Walking Between Worlds:

March 1, 2010 at 1:11 am (Walking Between Worlds) (, , )

The First Lesson:

When I was first starting to school, my best friend was the girl next door.  She was a year older than me and was blessed with olive skin and dark brown eyes and hair.  I thought she was beautiful.  At the time of this story, I was in First Grade and she was in Second Grade.  It took me years to realize she had been my first love and the first girl to break my little boi heart.  What broke my heart was not that she did not love me as I lusted for-loved her, but rather the hard lesson she handed me and the decade or so it took for me to process it.  It happened this way:

After school, Mary [or so we’ll call her] and I would play.  Often, as kids do, we played house.  One day, we were playing house and I walked into the door of my room announcing “Hi, honey; I’m home.”  I walked into her open arms–she was waiting to hug me–and kissed her firmly on the cheek.  This was clearly a mistake.  She nearly shrieked an inarticulate sound similar to “yuck” and jumped away from me.  Immediately, I dropped my hands to my side, puffed up a bit and barked back:  What???

“You really kissed me!” she huffed.  I was stunned and my confusion was over-taking me.  It seemed so clear to me; there was nothing to do but point out the obvious.

“Of course, I did;” I said.  “I’m the Daddy.”  Her face was set firm, her hands were on her hips and she proceeded to explain to me what I had done wrong as if I were too stupid to get it–which, clearly, I was.  “You are a girl,” she advised me.  I confirmed that I knew that.  And, as if it would correct the misunderstanding and make all well with the world again, I asserted again:  but I’m the Daddy.  She, then, droned on to school me on the fact that girls could not be the “Daddy” and should never, ever, ever kiss each other; it was wrong.  I asked the obvious question little bois ask their older women:  but, why?  Then I asked “who says?”  I even stated the obvious again:  If we say I’m the Daddy, then I am.  None of this derailed her.  She was right and I was wrong.  It was never spoken of again.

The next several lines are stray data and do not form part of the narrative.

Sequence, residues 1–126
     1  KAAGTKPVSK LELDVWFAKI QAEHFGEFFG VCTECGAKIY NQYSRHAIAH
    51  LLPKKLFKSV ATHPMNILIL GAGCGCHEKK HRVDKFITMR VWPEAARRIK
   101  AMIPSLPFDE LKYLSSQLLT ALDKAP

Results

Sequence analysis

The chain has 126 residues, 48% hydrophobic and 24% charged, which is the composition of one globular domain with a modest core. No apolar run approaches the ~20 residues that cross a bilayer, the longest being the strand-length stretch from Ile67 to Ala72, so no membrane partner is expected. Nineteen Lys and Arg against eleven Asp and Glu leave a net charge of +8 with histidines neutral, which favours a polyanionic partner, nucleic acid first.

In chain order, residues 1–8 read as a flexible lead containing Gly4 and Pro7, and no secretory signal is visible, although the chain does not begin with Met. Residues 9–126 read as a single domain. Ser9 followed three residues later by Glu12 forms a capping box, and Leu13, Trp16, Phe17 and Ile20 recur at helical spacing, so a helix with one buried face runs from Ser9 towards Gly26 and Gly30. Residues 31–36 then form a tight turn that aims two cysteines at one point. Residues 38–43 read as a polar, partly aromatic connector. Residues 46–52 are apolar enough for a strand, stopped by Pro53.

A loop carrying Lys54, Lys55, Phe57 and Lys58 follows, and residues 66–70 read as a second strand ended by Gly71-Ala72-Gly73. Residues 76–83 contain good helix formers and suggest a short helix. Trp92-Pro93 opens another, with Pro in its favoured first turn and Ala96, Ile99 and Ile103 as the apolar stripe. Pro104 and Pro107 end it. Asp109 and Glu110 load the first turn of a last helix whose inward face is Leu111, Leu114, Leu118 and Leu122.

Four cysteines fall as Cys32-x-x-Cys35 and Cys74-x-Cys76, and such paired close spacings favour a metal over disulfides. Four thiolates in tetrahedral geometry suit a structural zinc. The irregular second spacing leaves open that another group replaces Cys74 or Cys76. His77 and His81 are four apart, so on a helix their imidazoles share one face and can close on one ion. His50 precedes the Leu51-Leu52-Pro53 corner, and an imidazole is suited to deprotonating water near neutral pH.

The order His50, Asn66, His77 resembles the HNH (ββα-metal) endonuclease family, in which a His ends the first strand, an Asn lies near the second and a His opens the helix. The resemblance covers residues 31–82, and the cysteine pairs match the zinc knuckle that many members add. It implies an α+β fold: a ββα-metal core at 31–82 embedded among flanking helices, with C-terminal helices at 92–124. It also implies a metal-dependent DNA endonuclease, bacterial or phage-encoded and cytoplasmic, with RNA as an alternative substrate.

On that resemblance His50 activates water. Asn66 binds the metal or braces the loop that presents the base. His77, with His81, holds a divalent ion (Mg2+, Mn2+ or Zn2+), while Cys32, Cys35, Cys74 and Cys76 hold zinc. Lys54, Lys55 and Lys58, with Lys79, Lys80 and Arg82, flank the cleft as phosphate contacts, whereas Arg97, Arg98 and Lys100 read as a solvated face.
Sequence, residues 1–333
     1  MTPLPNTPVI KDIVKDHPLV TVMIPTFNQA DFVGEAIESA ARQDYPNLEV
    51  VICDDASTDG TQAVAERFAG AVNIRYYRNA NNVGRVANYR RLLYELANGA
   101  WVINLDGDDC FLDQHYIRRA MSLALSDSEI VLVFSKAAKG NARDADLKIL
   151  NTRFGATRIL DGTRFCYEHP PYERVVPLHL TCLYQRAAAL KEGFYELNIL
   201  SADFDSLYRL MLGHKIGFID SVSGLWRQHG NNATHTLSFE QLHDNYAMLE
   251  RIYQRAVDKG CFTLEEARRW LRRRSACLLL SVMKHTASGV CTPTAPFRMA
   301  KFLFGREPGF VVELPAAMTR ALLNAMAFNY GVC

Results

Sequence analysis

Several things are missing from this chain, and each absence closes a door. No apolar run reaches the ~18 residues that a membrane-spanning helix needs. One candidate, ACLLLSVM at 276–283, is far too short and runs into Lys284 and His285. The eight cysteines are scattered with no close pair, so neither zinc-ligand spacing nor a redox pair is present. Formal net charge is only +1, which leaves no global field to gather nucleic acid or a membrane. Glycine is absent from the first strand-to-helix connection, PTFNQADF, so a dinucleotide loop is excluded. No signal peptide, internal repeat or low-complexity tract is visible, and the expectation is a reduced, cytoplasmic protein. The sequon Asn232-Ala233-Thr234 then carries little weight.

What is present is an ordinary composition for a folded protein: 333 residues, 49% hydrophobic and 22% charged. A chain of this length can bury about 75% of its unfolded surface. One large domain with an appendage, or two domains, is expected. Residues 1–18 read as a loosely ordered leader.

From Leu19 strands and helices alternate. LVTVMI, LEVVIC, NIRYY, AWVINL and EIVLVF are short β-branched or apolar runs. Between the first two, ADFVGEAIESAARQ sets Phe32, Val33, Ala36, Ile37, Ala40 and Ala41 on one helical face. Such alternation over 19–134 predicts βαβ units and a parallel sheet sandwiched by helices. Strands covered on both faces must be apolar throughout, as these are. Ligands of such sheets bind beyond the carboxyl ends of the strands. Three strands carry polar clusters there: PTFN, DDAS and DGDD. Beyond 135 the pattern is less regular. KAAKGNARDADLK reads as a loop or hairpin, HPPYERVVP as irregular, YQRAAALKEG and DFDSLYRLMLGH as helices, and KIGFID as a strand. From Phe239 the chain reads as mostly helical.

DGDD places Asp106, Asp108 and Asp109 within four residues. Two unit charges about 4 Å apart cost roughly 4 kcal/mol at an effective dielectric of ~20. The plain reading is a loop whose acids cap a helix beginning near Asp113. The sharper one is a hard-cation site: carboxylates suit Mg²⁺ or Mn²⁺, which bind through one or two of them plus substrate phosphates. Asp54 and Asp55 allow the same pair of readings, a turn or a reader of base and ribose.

I accepted what she told me.  She was, after all, older and wiser.   But, there was this voice in my head that kept saying she was wrong, that the world really was the way it seemed to me at the time.  I wanted to tell her she was wrong, but could not find the words to make sense of it all.  In my mind, it was simple and clear:  yes; I was a girl, but I could still be the daddy if I wanted and I could kiss girls if I wanted.  It was that simple.  I said nothing, however.  I remained quiet.  For a long, long time. 

I am not sure exactly what I thought then about gender and sexual identity.  What I do know is that being a boy or a girl did not seem quite solid to me.  I knew the difference between boys and girls.  I had a baby brother who I helped change and bathe.  I had been peed on more than once in the process.  All that was pretty clear.  In some way, however, it was as if she had robbed me of something essential.  I had believed, on some level, that if I wanted to be boy-like [and possibly actually be a boy], I could.  That it was somehow up to me and had to do with what made me comfortable, what felt normal.  I was sure that if I wanted to kiss girls rather than boys, that was fine and a viable option.  She thought she was correcting some error in my thinking.  What she was doing, in fact, was teaching me about the world in which I lived.  My response was to go inward, to crawl into a world inside myself where no one knew what I really thought or felt about anything.  In that interior world, in that period of hours or days, I began to believe that there was something wrong with me because nothing she said felt like it applied to me or made sense.  In a child’s mind, it is not the world that is wrong when things don’t fit; it is the child.